Low-dose Taxol effectively extended axonal length, resulting in nearly 5-fold longer axons than those in the non-intervention state. Moreover, the Taxol concentration range may influence neuron type and contribute to the formation of more mature neurons at a higher concentration. We reasonably speculate that the moderate stabilization of microtubules during early neuronal polarization affected neuronal polarity and enhanced tubulin stability . Our in vivo experiment also corroborated that low-dose Taxol treatment could promote the expression of βIII-tubulin in the injured area and improve motor functions in rats in the acute phase of spinal cord transection. Taxol has been commonly used as a broad-spectrum antitumor drug for more than 20 years and its clinical safety is proven . The discovery and evaluation of new pharmacological effects of Taxol can provide a good option for the clinical treatment of SCI.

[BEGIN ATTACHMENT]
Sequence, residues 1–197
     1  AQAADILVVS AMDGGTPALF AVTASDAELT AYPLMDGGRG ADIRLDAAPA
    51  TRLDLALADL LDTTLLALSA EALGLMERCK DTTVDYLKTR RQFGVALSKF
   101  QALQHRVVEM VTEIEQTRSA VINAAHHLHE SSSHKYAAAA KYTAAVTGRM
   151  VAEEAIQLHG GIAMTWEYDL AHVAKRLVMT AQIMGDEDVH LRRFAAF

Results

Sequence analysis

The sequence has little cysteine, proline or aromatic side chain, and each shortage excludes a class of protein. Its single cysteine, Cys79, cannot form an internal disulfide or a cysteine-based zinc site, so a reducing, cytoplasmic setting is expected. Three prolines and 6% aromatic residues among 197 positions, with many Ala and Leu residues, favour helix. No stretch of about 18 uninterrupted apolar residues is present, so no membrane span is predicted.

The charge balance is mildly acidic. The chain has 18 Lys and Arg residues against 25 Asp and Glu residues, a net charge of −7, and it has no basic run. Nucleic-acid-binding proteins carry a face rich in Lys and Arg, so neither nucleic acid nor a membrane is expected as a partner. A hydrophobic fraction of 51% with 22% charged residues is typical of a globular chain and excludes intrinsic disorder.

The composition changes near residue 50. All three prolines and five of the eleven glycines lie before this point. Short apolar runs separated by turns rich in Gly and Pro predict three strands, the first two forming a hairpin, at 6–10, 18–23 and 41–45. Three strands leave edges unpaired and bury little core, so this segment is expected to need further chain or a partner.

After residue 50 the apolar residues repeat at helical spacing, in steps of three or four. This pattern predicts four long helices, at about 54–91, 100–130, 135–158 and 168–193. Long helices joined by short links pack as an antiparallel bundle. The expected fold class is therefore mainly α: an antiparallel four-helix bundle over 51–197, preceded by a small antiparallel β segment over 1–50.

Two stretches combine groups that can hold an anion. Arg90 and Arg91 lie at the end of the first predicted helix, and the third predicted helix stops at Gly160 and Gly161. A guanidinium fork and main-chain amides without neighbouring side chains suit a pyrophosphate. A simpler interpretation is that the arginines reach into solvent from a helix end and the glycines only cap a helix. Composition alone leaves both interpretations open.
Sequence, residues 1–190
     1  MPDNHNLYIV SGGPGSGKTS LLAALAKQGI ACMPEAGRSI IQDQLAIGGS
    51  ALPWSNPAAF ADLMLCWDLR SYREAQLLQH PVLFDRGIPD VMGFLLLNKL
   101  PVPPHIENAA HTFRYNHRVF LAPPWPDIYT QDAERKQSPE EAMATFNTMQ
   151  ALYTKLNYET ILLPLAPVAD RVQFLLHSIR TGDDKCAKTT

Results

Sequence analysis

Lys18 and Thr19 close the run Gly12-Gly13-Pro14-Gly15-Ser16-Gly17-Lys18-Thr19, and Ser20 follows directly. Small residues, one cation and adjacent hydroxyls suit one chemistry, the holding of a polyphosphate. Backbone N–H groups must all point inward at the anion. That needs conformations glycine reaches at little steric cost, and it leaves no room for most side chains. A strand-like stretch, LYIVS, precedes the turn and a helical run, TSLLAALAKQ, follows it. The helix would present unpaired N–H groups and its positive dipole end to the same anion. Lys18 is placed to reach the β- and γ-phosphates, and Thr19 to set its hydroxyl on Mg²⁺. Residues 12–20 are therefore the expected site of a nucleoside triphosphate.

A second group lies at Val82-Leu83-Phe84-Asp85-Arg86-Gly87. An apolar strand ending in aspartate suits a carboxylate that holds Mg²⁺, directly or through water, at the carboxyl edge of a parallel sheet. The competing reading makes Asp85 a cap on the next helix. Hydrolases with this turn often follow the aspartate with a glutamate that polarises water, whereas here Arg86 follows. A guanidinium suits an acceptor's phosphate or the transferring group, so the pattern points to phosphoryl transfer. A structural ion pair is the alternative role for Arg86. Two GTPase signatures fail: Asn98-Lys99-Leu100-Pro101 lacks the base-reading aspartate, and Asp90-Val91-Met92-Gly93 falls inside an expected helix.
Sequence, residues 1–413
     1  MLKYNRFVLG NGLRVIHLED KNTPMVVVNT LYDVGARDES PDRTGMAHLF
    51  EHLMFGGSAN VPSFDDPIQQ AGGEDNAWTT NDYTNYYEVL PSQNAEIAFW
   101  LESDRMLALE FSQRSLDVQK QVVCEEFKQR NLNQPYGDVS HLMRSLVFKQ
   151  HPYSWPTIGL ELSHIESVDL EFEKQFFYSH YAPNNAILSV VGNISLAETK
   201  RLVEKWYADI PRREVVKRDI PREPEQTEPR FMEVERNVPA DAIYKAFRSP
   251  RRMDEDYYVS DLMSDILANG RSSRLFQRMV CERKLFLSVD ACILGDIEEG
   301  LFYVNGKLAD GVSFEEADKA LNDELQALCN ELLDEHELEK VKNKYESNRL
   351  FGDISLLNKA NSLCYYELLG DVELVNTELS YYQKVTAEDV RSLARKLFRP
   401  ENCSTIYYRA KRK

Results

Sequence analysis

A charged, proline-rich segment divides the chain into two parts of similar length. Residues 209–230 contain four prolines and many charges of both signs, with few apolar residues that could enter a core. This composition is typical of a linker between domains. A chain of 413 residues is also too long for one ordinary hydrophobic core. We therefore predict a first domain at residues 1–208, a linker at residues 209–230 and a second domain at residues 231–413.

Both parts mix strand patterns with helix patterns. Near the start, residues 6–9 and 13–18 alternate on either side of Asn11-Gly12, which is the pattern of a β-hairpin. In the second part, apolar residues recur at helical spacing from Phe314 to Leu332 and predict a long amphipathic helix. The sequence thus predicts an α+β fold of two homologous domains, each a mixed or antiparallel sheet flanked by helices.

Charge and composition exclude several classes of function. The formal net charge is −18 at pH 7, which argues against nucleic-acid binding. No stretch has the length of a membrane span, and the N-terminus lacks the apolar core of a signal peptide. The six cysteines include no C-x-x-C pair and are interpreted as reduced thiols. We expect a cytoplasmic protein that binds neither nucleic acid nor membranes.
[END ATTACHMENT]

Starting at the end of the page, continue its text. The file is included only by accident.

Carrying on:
Low-dose Taxol promoted efficient differentiation of NSCs to functional neurons; significantly extended neuronal axons in vitro, and promoted the expression of βIII-tubulin in the injured area in vivo, thereby improving motor functions in rats in the acute phase of spinal cord transection. These findings are expected to advance the clinical application prospects of the microtubule stabilizer, Taxol, in the treatment of SCI.
The data used to support the findings of this study are included within the article.
The experimental protocol was approved by the Ethics Committee of Xuanwu Hospital Capital Medical University [XW-20210423-2].
Conflicts of Interest
The authors declare that they have no competing interest.
Thanks are due to the guidance of rat electrophysiology in Functional Laboratory of China Academy of Chinese Medical Sciences. This work was supported by the National Science Foundation for Young Scientists of China [grant number 31900740].